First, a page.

Use an ESP8266 to send data to Google Sheets, creating a cheap and extensible open platform for data collection. Based on an example by embedded labs.



  1. ESP8266 Development Board
  2. Analog or Digital Sensor
  3. USB-Micro Cable
  4. Arduino IDE
  5. Google account
  6. IFTTT Account


First, we need to create a place to save our data, and write a script to handle Google API calls and save that data. Then we need to network the ESP8266 chip to WiFi. At a specified interval the ESP8266 needs to poll for sensor data, and convert it to a useable form. Finally the ESP8266 needs to send the data to an appropriate Google API.


Connect the USB-Micro cable to the ESP8266 and a computer. Attach your sensor of choice as direct. In my case I need to provide 5V, GND, and an analog pin. On the ESP8266 the only analog pin is A0.



Follow your guide of choice for installing the Arduino ESP8266 board.

Creating a Place to Store Data:

Log into and create a new Blank Sheet. Give the document and the sheet name, and save it.


To reference the sheet we'll need the document URL and document ID. The document ID can be found in the URL, which has the format:{document_id}/edit

Handling Web Requests:

From Google Sheets we'll need to make a sheet script (Tools > Script editor).

First we need to create a request handler that gets called by URL. We need to strip some parameters off the url for logging, such as a tag for the data and a value to store.

function doGet(e){
    try {
        // Safety values
        if (e == null){
            e.parameters = {tag:"tag",value:"-1"};
        var tag = e.parameters.tag;
        var value = e.parameters.value;
        // save the data to spreadsheet
        save_data(tag, value);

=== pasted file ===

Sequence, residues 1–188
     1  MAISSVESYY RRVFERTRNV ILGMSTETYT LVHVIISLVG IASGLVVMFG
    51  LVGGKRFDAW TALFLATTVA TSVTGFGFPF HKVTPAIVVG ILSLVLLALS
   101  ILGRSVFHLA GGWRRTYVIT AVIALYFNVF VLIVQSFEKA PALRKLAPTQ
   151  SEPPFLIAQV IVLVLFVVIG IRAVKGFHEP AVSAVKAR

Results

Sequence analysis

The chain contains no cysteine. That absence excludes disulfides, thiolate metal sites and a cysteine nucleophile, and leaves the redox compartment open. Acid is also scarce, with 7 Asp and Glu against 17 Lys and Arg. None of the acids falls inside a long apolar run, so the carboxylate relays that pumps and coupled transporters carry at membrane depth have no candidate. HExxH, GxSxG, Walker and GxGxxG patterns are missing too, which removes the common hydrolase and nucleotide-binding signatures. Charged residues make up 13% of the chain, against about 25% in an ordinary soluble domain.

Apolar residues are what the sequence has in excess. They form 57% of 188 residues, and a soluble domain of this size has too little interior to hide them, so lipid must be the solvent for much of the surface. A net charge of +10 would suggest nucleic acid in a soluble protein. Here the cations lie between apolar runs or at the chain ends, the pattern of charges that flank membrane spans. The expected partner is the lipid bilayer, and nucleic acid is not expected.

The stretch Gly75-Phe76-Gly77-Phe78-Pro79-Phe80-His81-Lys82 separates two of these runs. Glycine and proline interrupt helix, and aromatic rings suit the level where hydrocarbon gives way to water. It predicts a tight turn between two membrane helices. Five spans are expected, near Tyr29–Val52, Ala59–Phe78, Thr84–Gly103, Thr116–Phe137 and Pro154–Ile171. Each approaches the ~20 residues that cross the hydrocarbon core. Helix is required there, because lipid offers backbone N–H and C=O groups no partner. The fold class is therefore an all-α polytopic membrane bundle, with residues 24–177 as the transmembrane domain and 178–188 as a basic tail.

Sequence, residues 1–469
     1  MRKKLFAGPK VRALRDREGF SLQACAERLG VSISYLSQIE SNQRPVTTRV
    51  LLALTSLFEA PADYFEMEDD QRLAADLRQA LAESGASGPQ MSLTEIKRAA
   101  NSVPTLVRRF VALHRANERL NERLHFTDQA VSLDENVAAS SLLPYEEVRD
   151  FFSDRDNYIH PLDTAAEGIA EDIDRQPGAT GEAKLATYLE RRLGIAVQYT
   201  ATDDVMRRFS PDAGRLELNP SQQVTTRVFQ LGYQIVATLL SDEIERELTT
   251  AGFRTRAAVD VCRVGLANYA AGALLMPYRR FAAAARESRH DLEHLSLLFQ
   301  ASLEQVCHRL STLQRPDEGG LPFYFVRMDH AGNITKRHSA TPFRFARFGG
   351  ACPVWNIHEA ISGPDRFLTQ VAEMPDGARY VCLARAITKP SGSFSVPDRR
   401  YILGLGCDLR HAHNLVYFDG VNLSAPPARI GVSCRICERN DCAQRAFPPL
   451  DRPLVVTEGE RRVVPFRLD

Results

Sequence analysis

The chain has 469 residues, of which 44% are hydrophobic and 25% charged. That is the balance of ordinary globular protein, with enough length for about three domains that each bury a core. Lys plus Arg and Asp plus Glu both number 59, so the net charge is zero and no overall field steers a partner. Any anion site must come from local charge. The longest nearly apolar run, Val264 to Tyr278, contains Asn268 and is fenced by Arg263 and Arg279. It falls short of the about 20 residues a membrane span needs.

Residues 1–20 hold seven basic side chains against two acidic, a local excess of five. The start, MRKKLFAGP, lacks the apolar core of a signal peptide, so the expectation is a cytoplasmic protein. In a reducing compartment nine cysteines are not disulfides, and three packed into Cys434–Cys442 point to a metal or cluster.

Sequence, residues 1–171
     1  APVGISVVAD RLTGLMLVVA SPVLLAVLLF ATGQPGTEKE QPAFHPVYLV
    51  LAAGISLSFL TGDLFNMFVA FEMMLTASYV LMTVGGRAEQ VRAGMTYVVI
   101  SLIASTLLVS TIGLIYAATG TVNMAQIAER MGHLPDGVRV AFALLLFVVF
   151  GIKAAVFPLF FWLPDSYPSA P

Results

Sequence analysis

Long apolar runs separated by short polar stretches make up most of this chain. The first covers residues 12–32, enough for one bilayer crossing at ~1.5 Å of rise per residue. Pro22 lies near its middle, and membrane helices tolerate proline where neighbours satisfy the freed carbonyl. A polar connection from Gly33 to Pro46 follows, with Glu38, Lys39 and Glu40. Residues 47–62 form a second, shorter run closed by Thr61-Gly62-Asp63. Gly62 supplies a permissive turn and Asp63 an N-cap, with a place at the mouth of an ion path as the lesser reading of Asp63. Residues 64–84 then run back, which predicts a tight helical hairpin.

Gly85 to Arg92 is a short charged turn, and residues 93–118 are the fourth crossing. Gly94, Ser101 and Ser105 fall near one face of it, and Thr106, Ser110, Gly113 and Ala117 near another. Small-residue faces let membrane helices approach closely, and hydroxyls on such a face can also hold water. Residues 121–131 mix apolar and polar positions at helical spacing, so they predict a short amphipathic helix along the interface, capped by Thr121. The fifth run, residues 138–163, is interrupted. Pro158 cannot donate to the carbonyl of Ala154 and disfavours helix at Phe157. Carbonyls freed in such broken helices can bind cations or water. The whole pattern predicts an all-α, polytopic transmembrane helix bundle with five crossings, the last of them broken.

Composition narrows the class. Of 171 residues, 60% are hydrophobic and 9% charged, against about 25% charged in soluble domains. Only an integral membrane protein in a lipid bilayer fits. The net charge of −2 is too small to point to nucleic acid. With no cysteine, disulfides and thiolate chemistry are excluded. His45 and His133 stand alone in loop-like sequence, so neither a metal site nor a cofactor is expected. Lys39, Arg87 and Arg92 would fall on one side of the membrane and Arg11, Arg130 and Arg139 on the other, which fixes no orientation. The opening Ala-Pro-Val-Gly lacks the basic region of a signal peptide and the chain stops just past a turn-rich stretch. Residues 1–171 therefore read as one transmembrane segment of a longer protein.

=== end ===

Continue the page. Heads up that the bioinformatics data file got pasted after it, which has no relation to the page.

} catch(error) { 

Make sure to set this function the default called by our script.


We'll also create a function to save a data tag and value to our spreadsheet. Let's save the time and a data ID for logging and analytics. Make sure to replace the ss URL and sheet name.

// Method to save given data to a sheet
function save_data(tag, value){
    try {
        var dateTime = new Date();
        var ss = SpreadsheetApp.openByUrl("{document_id}/edit");
        var dataLoggerSheet = ss.getSheetByName("MySheetName");
        // Get last edited row from DataLogger sheet
        var row = dataLoggerSheet.getLastRow() + 1;
        // ID, DateTime, Tag, Value
        dataLoggerSheet.getRange("A" + row).setValue(row -1); // ID
        dataLoggerSheet.getRange("B" + row).setValue(dateTime); // dateTime
        dataLoggerSheet.getRange("C" + row).setValue(tag); // tag
        dataLoggerSheet.getRange("D" + row).setValue(value); // value
    catch(error) {

To make this accessible we'll need to publish this script as a web app (Publish > Deploy as web app...). Make sure to set the app permissions to "anyone, even anonymous". Then save the app url.


We can make requests to this endpoint by issuing a GET request to{script_id}/exec?tag={tag_name}&value={value}

ESP8266 WiFi Setup:

First we define a function and some constants to connect to WiFi for us.